The German government has allocated 290 million euros for the creation and financing by 2024 of four innovation and technology centers (ITZ), which will develop hydrogen technologies for the transport sector: cars and trucks, trains, river and sea vessels, aircraft. Reported by DW.
"These centers will take into account the different needs of the industry and focus on different tasks," - quotes the publication of the Minister of Transport and Digital Infrastructure of Germany (BMVI) Andreas Scheuer.
The hydrogen budget will be distributed between Western, Eastern, Northern and Southern Germany, with the money received mainly by medium-sized and even small cities of Germany. Thus, the government seeks to resolve some issues of regional policy before the elections.
Most of the budgetary funds will go to the small town of Pfaffenhausen, with only about 5 thousand inhabitants. In this part of Bavaria, northeast of Munich, at the end of 2019, the HyBayern project was launched, the goal of which is to create a model region for the production and use of "green" hydrogen. For this, a plant will be built for the production of H2 by electrolysis of water. This electrolyzer will use green electricity from existing hydro and solar power plants. The produced hydrogen will be supplied to three gas stations planned in the region.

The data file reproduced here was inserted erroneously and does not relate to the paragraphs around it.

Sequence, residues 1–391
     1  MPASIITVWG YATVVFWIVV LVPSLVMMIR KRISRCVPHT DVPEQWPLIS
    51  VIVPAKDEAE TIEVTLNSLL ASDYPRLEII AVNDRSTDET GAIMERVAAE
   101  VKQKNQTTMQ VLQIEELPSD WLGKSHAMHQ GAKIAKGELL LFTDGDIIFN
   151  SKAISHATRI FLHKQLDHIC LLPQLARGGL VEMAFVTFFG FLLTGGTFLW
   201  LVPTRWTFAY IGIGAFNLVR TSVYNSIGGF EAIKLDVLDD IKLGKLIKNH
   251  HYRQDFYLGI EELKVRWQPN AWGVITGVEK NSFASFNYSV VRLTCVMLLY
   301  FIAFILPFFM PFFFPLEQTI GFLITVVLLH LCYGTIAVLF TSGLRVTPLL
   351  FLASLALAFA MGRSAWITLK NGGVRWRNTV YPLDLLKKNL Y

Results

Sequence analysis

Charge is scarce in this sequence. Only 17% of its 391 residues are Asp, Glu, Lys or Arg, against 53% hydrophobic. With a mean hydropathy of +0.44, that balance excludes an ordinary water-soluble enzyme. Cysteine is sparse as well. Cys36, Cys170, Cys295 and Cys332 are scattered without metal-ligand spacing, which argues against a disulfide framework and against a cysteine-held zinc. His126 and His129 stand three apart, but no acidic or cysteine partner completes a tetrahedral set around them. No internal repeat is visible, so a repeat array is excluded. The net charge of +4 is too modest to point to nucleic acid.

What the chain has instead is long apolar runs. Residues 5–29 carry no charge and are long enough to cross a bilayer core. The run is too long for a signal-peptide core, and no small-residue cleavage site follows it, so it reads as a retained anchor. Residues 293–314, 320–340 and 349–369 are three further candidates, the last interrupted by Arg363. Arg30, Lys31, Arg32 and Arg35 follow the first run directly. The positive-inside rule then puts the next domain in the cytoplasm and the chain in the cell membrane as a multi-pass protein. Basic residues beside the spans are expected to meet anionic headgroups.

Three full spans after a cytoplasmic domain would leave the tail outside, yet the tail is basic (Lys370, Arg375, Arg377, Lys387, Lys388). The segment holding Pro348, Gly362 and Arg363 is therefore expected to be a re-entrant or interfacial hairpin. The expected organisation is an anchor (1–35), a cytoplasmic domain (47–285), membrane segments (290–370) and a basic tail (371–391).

In Duisburg, they will also be looking for technological solutions for rail and road freight transport, because the Ruhr region, one of the main industrial regions of Germany, and the million-plus city Cologne, the most important transport hub, are nearby.
In eastern Germany, in the federal state of Saxony in the former German Democratic Republic, a hydrogen technology center will be located in Chemnitz (population: quarter of a million) next to the Technical University (TU Chemnitz) and two Fraunhofer institutes for applied research Gesellschaft), one of which, for example, works in the machine tool industry.
The fourth, northern center will rather become a cluster, since it will be located not in one, but in three points at once: in Hamburg (1.8 million people), Bremen /Bremerhaven (570,000/114,000) and Stade (48,000) ... It is only natural that here, in these Hanseatic port cities on the North Sea coast, one of the main directions of future research will be maritime navigation.